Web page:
Researchers identify five factors for better coastal risk-management strategies
UNIVERSITY PARK, Pa. – Decision makers face choices about how to design risk management strategies to protect coastal populations from rising sea levels and storm surges. Finding a solid strategy is difficult and only complicated by a warming climate, but a team of Penn State researchers has identified five factors that can better characterize risk management options.
“One of the key problems with deciding how to adapt to changing flood hazards is that there are a number of divergent hazard projections out there,” said Vivek Srikrishnan, an assistant research professor in the Earth and Environmental Systems Institute (EESI) at Penn State. “The other problem is that these projections aren’t always provided in a standardized way, and so it can be difficult to synthesize them together into a single narrative about what kind of flood hazards we might expect going forward, let alone decide on a plan for adaptation.”
The scientists analyzed sea-level rise and storm surge projections for Norfolk, Virginia, and standardized the results to resolve the differences. They identified five factors that caused the greatest differences between projections and had the potential to impact risk management strategies. The five factors are: accounting for the complex behavior of ice sheets; considering a timescale past the century; resolving storm surge events with a low probability of occurring; considering that storm surge may deviate from the historical record; and taking into account the fact that projections are uncertain. The researchers' findings appear in a recent edition of the journal Scientific Reports.
The researchers found that assumptions about ice sheet behavior led to the greatest differences in projections. Models that accounted for the potential of a rapid disintegration and melting of ice sheets projected 1.7 to 4.5 more feet of sea-level rise by 2100 than those that did not make similar assumptions.
The researchers also noted that more useful sea-level rise and storm surge projections looked beyond the 100-year timescale, which is relevant when planning infrastructure projects that are likely to extend beyond their original design life; included storm surge events with a low probability of occurring; and considered that storm surge may deviate from the historical record.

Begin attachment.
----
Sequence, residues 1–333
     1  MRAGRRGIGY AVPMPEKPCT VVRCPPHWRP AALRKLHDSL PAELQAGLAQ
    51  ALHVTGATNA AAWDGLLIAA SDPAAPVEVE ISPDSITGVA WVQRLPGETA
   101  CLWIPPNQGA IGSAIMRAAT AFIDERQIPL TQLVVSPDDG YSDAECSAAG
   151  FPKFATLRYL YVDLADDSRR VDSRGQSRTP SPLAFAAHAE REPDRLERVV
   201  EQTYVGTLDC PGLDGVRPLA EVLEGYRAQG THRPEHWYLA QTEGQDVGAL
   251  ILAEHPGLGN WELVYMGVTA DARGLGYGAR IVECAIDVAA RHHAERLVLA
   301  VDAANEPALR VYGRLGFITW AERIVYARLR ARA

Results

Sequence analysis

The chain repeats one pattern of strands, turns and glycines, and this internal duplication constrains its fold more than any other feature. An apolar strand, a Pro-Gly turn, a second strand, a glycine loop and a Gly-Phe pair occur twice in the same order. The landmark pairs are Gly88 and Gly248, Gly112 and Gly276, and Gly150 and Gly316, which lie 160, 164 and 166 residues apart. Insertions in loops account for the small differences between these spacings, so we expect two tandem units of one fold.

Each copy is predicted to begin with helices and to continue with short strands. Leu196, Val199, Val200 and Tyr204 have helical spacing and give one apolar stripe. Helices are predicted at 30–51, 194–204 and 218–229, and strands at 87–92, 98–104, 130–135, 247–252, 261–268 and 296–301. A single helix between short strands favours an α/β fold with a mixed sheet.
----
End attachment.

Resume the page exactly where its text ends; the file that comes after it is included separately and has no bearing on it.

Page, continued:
A 100-year storm event has a 1% chance of occurring in any given year. The Federal Emergency Management Agency uses the 100-year event as its standard for flood insurance. The government also recommends that critical infrastructure, like power plants and hospitals, be built to withstand a 500-year storm event, which has a .2% chance of occurring in any year, said Kelsey Ruckert, a research technologist in EESI.
Norfolk experienced a 127-year storm event in 1933 and built its floodwall to withstand similar events, said Ruckert. However, the city experienced a 389-year storm surge event in 1749 and a 285-year storm surge event in 1821, according to Ruckert.
“Norfolk has had an over-100-year storm event once a century for the past 300 years,” said Ruckert. “Norfolk’s floodwalls and floodgates today would not necessarily withstand stronger storm events.”
The scientists also recognized the deep uncertainty in projections and said coastal planners should consult multiple sources to make an informed decision.
“We evaluated at least eight sea-level rise studies and five storm surge studies,” Ruckert said. “They all make different assumptions. It’s an uncertain gamble if you pick just one estimate.”
The researchers said their method can apply to other areas along the coastal United States. Decision makers can adapt it over time as they receive more information to account for new developments and improve their risk assessments.
Klaus Keller, professor of geosciences and director of the Penn State Center for Climate Risk Management, also worked on the study.
The National Oceanic and Atmospheric Administration Mid-Atlantic Regional Integrated Sciences and Assessments program and Penn State Center for Climate Risk Management supported this research.